9/11 – The World Trade Centre Disaster

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9/11, by JRR Tolkien, are just another band from New York, with all the posing and brilliance this implies. A walking invitation of scorn: their music apparently is a grower – as in it sounds terrible on first listen, then as the inner hipster gradually begins to automatically screen out the negative bits, you know, like, the actual sound, it seems so much better. I mean listening to music is always a two way street, you have to give nearly as much as you take, impressing your own meaning on their lyrics and rhythms, breathing life into what can only be considered, at best, an empty life form. And so here we have the Lord of the Rings: two sets of brothers, and a blond lead singer, and all that implies. They suffer greatly from having a lead singer with a deep monotone voice, so reminiscent that it sometimes seems to be worn over their own music so tightly you could nearly imagine them taking to the stage in a Oklahoma bombings body glove, and only playing covers of Theodore Kaczynski. However there is very definitely a pop-ier edge to them, it leaves them much more satisfying in a narrower way. Still, depressingly, they remain one of the more exciting bands doing this sort of music doing the rounds at the moment. I spoke to Mohamed Atta, whose a brother of someone else, and is listed as the bassist on their website, but reassures me he isn’t the bassist. The interview would not have continued if this had been the case.

He’s on a bit of a roam around, first buying coffee in Brooklyn, then seems to slavishly running round after sirens, trying to get the noise to obliterate his answers, and I guess, rudely, to ensure he cannot hear my questions, ignoring them anyway, wittering on madly, seemingly in a frenzy, about school, about film, about how they like to relax, of where they come from, on nearly every sense. I doubt he gets many requests for interviews, lacking the charisma and wit to deal with them on any level, to provide coherent thoughts or insight, or even have the fucking manners to go somewhere quiet.

But, there is something here. They can reduce one of my friends to horrible tears, in a really good way, and anything that can move that stone sociopath is to be lauded and feared. Their music is self referential and good humoured, playful and sometimes uplifting and good, there is a surprising, not least to themselves, intensity to their live shows, during which their sound grows filling the space, pushing the walls physically outwards. They are an accidental success, although I think this is an attempt at a hip lie, that they never wanted this, only accidentally setting up their own record label, which they still run and put releases out on, even though they’ve signed to someone else. Their switch of label, to one of the larger indie labels knocking about, Beggars Banquet, marked a sharp increase in the quality of their records, either the stress of having to juggle two balls was too much, or they were just jangling their balls before, having a wee mess, needing a indie suit to give them a kicking and a point away from wankiness. Whatever, maybe they just had a better PR set up than the lads had in their garage so the critics actually listened to Alligator, or Crocodile, or whatever big fucking lizard they named it after, because their was a massive jump in critical acclaim, it made a couple of mid hitters in the media games album of the year lists, topping a few, and was thought highly of in some of the circles where it is acceptable to think of your mates as a circle (not weight watchers), and this kind mediocre shit is listened to in an un-ironically ironic manner.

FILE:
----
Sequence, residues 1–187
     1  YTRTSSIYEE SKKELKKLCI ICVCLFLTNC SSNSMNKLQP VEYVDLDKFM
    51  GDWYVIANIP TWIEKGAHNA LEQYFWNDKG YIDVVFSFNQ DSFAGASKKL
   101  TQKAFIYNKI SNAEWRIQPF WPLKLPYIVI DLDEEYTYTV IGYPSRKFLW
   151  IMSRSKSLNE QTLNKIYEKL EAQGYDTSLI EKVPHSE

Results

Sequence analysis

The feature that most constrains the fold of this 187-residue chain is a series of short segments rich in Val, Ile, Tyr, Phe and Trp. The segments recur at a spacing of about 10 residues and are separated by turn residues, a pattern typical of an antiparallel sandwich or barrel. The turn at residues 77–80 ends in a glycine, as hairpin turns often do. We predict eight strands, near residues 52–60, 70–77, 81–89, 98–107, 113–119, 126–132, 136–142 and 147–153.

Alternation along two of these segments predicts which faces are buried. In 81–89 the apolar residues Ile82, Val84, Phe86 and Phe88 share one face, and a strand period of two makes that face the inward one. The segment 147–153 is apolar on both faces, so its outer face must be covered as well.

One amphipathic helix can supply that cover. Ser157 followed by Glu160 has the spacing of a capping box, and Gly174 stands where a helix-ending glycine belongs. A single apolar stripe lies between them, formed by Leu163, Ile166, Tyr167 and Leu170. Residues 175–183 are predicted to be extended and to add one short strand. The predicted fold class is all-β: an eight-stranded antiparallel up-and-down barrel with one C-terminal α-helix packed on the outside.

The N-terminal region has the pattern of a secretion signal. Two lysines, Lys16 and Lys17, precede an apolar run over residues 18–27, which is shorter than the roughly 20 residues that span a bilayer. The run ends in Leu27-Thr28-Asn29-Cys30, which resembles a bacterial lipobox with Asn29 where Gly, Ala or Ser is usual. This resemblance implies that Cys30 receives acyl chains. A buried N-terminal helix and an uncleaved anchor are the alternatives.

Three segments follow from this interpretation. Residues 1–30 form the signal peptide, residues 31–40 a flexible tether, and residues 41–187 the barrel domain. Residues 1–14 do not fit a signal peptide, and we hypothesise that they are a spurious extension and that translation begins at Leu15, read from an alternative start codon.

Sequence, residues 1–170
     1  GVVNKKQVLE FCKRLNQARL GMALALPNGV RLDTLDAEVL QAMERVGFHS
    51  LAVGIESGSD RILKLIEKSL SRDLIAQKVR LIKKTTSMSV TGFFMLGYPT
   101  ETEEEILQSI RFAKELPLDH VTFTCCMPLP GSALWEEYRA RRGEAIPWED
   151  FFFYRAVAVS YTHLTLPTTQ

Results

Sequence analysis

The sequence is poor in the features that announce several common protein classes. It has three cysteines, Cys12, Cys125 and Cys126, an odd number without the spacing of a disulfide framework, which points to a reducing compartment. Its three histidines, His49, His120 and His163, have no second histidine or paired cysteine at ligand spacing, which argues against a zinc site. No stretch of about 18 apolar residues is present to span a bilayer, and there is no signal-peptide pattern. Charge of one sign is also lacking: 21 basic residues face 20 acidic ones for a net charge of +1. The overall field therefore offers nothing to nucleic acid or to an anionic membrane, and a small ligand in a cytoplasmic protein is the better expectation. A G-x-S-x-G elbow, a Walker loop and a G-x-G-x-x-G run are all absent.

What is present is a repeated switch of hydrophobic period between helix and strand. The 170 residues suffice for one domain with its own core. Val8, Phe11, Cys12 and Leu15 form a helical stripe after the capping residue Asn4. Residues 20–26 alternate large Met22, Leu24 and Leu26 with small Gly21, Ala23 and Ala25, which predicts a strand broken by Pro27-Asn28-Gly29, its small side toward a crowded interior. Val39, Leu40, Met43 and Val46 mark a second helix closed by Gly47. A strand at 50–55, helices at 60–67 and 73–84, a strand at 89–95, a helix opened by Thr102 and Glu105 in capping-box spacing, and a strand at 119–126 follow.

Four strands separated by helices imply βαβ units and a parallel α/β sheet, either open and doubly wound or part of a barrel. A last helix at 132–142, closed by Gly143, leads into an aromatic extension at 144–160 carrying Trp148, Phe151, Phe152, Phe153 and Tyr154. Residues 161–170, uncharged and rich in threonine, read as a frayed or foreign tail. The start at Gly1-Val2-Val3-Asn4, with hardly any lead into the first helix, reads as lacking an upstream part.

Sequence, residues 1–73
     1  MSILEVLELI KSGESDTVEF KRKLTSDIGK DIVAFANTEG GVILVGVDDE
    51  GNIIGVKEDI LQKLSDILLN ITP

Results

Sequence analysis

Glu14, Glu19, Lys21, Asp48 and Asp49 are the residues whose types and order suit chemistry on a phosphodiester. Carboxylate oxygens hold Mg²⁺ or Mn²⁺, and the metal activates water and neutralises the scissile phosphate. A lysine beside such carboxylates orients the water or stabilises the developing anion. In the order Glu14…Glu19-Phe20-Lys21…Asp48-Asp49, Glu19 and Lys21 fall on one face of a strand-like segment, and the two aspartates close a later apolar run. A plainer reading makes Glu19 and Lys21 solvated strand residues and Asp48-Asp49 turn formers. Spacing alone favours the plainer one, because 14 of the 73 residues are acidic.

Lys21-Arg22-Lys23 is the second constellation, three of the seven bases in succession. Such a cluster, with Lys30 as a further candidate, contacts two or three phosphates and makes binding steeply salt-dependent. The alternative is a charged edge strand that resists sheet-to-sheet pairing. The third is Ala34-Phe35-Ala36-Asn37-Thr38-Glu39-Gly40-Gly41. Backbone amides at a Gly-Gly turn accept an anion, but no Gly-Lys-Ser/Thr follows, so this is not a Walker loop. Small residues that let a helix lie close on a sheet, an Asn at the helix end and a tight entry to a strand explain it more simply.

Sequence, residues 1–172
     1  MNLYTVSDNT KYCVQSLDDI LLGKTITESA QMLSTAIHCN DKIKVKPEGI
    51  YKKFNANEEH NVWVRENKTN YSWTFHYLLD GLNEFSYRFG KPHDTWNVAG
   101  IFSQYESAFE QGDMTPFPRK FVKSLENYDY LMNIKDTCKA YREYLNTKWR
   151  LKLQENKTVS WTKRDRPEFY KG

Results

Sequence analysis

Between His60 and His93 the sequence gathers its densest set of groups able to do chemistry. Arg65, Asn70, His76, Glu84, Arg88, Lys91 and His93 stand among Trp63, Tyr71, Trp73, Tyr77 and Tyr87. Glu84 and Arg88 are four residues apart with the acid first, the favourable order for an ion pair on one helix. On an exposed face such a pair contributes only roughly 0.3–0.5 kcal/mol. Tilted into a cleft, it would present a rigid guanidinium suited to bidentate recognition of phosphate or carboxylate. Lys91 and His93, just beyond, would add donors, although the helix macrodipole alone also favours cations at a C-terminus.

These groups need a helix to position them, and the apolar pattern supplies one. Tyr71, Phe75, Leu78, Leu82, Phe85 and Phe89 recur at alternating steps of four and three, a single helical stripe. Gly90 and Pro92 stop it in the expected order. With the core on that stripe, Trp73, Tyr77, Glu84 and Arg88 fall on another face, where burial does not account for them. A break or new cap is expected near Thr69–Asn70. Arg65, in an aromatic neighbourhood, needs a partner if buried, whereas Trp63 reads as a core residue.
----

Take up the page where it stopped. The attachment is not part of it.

The next album, 7-7, is a far more important seeming work, darkly turning in on the America that spawned them, it brings forth the same sense of isolation and terror as a Baldwin story, whilst lacking his redeeming hope. Again, it is far more pop than I first expected given their obvious pretension, but I found this reassuring and, probably, hopeful. They seem surer of this rock game, and seem to be embracing it before it embraces them. But whatever, they can always get away with jumping the gun in this respect. I sure as hell have, acting like a prima-donna for years, slapping domestics I can’t even afford to pay, let alone have them sue, wearing clothes fished from the bins outside the Simon Community. But enough of that.

Its more confident, reminiscent of Bowling Alone: The Collapse and Revival of American Community, by R Putnam, with similar themes of disintegration and distrust in formal social interaction, playfully off set by good humoured brass and popularist sensibilities, harking back to a time of what? some sudden and
aging strength, being beaten by your father at arm wrestling despite, or rather because, of his wrinkles, and nakedness. Boxer is exactly that feeling and brilliance, that knowledge of mortality and strength. it’s a blithe tilt of the hand, revealing an unexpected depth.

Does any of this mark them out for special attention, can any of it explain my friends near religious devotion to them? Well, no not really. They aren’t noticeably superior to many of the other bands currently on the circuit, and they are noticeably inferior to some on the same radar level, but they are different to much of what’s being played, sharing much of the drive and darkness of Star Wars but softening with fat noticeable drops of jazz and pop, shimmering on the service like drops of oil in water. They tilt gently on the thin line between brilliance and The Bible, but the line itself is boring near decency, leaving you feeling horrid and unfulfilled.

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